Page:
The Eleventh Circuit upheld a win for the insurer
under a claims-made-and-reported policy in Crowley Mar. Corp. v. Nat’l Union Fire Ins. Co. of
Pittsburgh, PA, No. 18-10953, 2019 WL 3294003 (11th Cir. July 23,
2019), finding that the insured did not provide timely notice. In so holding,
the court rejected the insured’s argument that it provided timely notice by sending
a letter to the insurer referencing an affidavit which the insured claimed
alleged wrongful conduct against the insured, but was sealed,
preventing the insurer from confirming the insured’s claim for
At issue in the Crowley
case was a policy issued to Crowley Maritime Corporation with an initial
policy period of November 1, 2007 to November 1, 2008, and an extended discovery
period through November 1, 2013. The policy covered certain claims made against
company executives and reported to the insurer during the initial policy period
or extended discovery period.
The coverage dispute in the Crowley case arose out of a grand jury investigation into Crowley’s
subsidiary and one of its executives, Thomas Farmer, alleged to have been
involved in setting artificially high prices for shipping between the U.S.
and Puerto Rico. On April 17, 2008, a search warrant was executed at Crowley’s
headquarters in connection with the investigation, and Farmer received
subpoenas to appear before the grand jury.
The day before the search warrant was executed, an FBI
agent delivered an affidavit supporting the search warrant to a federal
magistrate judge. The affidavit described the antitrust investigation and
asserted that Farmer was involved in the criminal activity. However,
the affidavit was sealed to protect the ongoing investigation, and
the search warrant and subpoenas served on Crowley and Farmer did not disclose
Farmer’s alleged conduct.
On April 25, 2008, Crowley provided notice to its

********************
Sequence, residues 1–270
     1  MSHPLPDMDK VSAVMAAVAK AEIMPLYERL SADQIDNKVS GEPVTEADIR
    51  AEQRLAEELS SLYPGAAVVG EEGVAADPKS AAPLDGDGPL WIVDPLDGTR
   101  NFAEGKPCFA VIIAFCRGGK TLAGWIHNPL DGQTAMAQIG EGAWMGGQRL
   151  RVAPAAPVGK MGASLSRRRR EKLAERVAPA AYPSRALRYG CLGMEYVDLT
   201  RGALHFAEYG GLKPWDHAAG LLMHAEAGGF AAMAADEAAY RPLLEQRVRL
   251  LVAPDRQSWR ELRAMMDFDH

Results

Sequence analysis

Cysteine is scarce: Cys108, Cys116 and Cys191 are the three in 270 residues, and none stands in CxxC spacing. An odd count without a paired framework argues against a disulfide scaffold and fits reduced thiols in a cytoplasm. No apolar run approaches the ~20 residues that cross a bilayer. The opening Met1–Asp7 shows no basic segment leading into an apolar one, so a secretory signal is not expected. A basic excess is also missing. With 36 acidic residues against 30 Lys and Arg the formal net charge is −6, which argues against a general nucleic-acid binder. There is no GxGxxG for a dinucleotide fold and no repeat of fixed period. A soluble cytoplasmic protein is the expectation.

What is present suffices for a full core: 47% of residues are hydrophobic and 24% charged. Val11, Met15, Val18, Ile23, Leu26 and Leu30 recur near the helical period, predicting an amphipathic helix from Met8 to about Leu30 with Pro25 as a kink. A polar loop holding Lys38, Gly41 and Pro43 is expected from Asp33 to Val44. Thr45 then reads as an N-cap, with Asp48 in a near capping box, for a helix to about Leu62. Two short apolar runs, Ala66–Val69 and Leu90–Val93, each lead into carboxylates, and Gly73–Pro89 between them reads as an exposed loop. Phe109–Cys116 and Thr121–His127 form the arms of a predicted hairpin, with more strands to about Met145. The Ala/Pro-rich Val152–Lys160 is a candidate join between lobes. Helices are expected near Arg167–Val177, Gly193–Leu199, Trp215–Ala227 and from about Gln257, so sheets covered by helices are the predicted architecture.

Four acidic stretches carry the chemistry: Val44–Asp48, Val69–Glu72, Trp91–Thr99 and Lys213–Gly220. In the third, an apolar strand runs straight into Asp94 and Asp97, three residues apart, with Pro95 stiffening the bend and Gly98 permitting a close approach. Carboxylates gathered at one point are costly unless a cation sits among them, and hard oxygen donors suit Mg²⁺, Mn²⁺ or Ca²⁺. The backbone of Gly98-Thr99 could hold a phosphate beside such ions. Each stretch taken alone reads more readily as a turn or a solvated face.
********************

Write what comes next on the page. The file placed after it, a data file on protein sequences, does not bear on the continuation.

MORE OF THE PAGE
insurer of the claim, requesting coverage for Farmer’s defense costs. The
insurer denied coverage because the affidavit was under seal, preventing it
from reviewing the allegations to determine whether coverage was afforded, and the
search warrant and subpoena did not name Farmer as a target of the
investigation as required for coverage under the policy.
Over the next several years, Crowley incurred legal
fees of roughly $2.5 million on behalf of Farmer, before the government issued
a written plea offer to Farmer on February 11, 2013, at which point the
insurer agreed to treat the investigation as a claim under the policy and
defend Farmer. However, the insurer refused to reimburse Crowley for the
defense costs incurred prior to February 11, 2013, when it received notice of
the written plea offer. Ultimately, Farmer rejected the plea offer, and
proceeded to trial, which resulted in an acquittal.
Based upon the content of the affidavit, which was
unsealed on April 24, 2015, during the course of the trial, Crowley provided
the unsealed affidavit to the insurer in July 2015, and demanded reimbursement
for the $2.5 million in defense costs incurred on behalf of Farmer
from April 2008 until February 2013. When the insurer refused, Crowley
filed suit in the Middle District of Florida. The district court granted
summary judgment in favor of the insurer, and Crowley appealed.
On appeal, Crowley argued that the content of the
affidavit gave rise to a claim under its policy, and that such claim was
“first made against” Farmer and “reported to” the insurer in April 2008
(during the initial policy period), even though the affidavit was under
seal and the contents were not disclosed to Crowley or the insurer
at that time. The Eleventh Circuit held that the affidavit gave rise to a
claim under the policy and assumed arguendo
that the claim was “first made against” Farmer when the affidavit was executed
in April 2008.
However, the court held that the claim was not timely reported
to the insurer during the policy period or discovery period (November 1,
2007 to November 1, 2013) as required by the policy. In so holding,
the court held that Crowley had not provided notice of the claim to the insurer
in April 2008 (when it first provided notice of the claim, but the
affidavit was sealed), and Crowley’s notice to the insurer in July 2015
(following the unsealing of the affidavit), was untimely because it
came over a year after the expiration of the extended discovery period. In
relation to the April 2008 notice, the court held that “Crowley had to do more
than simply point to the sealed Affidavit and ask [the insurer] to take its
word for it that a Claim in fact existed.”
As a result, the court
affirmed the district court’s denial of coverage, holding that Crowley
was not entitled to reimbursement for the $2.5 million in defense
costs incurred on behalf of Farmer from April 2008 to November 2013.